5 things you didn’t know you could do with LinkedIn

LinkedIn doesn’t have to be just a virtual Rolodex or a place to make business contacts. The social network has among its more obvious offerings a few hidden gems that are useful to both the novice networker and the power player.


Create a printable résumé

Many LinkedIn users have already uploaded their work history and contact information to the site, so it seems only natural to be able to create a résumé you can print and take with you. To get started, visit LinkedIn’s Résumé Builder. Just tweak a couple of options like the template and the content and you have a nice printable CV that you can hand out to potential connections.


Plot your career path

LinkedIn’s Career Explorer is a great service for help in determining how to make the next step in your career. The online tool will show you what others with similar experience and education to yours have done in the next phase of their careers. The Explorer also has lots of other goodies like national data and trends, literature you should be reading, and recommends people in your network that you should connect with.


Export your LinkedIn contacts

You can easily transfer from contacts from LinkedIn to another service by visiting this page and selecting from the available options. You can save your address book in one of several spreadsheet formats tailor-made for Outlook or Yahoo! Mail or as a VCF file which is compatible with a Mac OS Address Book.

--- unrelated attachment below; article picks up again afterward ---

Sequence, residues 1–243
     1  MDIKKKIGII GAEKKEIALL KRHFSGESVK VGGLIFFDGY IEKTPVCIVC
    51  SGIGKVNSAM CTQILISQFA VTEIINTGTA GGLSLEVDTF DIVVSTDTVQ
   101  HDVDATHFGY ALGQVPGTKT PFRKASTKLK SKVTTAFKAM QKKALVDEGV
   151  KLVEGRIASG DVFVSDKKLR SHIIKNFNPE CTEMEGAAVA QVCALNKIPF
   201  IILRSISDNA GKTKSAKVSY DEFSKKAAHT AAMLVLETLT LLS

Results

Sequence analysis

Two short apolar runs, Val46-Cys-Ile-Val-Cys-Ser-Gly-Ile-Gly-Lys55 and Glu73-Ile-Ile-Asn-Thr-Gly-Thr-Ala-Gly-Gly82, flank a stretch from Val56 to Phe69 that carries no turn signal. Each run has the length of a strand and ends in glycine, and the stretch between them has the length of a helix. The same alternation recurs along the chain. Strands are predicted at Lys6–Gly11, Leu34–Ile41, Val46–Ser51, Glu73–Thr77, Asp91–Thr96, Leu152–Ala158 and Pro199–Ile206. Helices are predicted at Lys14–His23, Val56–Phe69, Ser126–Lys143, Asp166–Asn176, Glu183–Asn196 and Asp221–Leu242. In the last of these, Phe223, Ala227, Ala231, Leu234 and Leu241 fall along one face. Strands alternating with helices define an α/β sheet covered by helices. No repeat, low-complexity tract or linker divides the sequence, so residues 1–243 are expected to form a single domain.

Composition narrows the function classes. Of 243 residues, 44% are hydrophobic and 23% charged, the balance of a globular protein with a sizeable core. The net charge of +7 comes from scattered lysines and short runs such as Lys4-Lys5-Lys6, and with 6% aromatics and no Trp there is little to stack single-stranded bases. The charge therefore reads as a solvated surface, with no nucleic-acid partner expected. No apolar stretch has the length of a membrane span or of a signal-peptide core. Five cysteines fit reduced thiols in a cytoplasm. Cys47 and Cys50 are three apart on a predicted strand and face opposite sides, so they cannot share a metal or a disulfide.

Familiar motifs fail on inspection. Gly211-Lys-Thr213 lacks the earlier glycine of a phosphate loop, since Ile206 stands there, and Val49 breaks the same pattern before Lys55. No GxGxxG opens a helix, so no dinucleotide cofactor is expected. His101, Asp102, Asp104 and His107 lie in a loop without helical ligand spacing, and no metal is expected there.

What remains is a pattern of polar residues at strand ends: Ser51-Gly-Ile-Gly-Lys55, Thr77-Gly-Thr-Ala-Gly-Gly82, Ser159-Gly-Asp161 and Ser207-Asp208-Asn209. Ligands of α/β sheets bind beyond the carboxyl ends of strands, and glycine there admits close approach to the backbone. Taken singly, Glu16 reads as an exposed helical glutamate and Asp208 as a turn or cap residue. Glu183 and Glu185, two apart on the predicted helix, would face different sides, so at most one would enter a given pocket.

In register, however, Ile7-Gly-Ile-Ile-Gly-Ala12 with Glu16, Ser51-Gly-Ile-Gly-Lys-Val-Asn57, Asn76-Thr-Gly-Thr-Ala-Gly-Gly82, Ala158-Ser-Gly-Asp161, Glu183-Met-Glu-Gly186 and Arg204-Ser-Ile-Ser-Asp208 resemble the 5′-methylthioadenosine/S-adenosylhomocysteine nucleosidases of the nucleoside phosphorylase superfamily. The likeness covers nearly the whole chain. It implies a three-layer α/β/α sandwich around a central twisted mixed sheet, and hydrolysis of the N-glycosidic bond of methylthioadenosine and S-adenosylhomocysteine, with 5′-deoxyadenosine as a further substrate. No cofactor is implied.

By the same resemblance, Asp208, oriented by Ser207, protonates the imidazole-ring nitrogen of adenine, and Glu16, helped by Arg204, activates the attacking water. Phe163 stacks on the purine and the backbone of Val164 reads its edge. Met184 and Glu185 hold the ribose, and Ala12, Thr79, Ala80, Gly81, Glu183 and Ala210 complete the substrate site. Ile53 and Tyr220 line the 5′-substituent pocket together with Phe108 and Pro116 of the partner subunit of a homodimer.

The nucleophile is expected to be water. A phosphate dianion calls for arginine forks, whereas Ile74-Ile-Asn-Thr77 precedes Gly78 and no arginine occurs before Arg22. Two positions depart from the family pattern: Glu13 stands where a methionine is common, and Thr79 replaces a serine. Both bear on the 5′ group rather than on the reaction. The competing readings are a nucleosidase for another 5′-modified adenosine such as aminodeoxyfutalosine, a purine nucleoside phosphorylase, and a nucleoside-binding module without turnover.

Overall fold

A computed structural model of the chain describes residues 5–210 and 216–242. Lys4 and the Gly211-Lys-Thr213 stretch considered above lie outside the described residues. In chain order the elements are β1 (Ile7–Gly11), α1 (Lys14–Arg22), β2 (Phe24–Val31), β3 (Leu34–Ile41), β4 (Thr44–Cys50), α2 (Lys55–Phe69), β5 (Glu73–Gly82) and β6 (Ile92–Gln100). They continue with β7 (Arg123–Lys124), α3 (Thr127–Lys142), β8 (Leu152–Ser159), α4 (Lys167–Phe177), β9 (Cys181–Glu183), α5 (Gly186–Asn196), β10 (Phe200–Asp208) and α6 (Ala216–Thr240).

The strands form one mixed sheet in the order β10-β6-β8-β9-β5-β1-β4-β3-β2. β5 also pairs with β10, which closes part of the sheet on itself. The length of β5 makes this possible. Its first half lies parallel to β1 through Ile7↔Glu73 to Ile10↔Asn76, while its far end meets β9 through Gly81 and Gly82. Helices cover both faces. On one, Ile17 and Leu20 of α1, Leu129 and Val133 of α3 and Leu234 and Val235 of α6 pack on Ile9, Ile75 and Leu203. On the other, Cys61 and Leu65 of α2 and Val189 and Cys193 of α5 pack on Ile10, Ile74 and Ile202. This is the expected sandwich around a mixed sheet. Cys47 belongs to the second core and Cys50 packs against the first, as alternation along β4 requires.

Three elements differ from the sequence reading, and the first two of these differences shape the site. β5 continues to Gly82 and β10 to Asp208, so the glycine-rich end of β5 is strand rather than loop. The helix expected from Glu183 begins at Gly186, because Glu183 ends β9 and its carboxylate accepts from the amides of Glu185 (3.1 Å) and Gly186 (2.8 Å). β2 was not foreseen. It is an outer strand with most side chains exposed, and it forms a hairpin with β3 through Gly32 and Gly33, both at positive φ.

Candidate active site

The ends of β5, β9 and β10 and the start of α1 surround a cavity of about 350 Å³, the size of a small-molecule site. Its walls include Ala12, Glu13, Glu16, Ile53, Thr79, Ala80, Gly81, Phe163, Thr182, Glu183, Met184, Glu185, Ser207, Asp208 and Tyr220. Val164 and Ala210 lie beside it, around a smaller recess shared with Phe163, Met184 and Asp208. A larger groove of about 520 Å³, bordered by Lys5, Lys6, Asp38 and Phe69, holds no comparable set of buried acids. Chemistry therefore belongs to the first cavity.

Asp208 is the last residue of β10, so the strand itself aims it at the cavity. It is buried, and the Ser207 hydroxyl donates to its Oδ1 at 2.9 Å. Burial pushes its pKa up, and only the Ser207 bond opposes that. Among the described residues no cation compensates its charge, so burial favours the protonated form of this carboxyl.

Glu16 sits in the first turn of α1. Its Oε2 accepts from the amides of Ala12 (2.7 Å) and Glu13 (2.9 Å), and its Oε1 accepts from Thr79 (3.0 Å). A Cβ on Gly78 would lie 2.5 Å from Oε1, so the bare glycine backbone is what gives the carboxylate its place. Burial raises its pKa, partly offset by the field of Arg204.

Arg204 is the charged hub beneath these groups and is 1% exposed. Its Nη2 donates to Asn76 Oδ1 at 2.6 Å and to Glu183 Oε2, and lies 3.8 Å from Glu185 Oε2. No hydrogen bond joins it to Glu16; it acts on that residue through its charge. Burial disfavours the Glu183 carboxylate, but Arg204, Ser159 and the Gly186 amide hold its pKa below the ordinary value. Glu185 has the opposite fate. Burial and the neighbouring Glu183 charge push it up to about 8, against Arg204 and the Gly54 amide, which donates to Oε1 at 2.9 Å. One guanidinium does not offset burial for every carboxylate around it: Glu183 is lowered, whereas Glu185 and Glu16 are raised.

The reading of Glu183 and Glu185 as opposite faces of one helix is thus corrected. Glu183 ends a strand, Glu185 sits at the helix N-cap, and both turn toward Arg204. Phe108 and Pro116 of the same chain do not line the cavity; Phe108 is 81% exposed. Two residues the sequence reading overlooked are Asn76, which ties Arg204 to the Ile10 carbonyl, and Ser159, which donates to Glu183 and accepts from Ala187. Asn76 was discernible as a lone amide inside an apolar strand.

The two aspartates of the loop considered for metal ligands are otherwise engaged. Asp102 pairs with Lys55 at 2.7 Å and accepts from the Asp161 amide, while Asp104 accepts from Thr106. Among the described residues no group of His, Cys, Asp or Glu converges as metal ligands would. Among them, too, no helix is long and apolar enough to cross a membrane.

Create an email signature

Job seekers and avid networkers will appreciate this tool that allows you to quickly and stylishly link to your LinkedIn profile from your email. There are several templates to choose from and you can customize the info that you include in the signature. You can also can include an image alongside your contact information.


Build a “career tree”

Newsweek.com provides a way for you to visualize your life and career, the result of which resembles a family tree. You can test it out using your own LinkedIn profile or the profiles of people like Jon Stewart or Barack Obama (below). The site also offers the option of building the tree from scratch sans LinkedIn and to share the results on Facebook or (you guessed it) LinkedIn.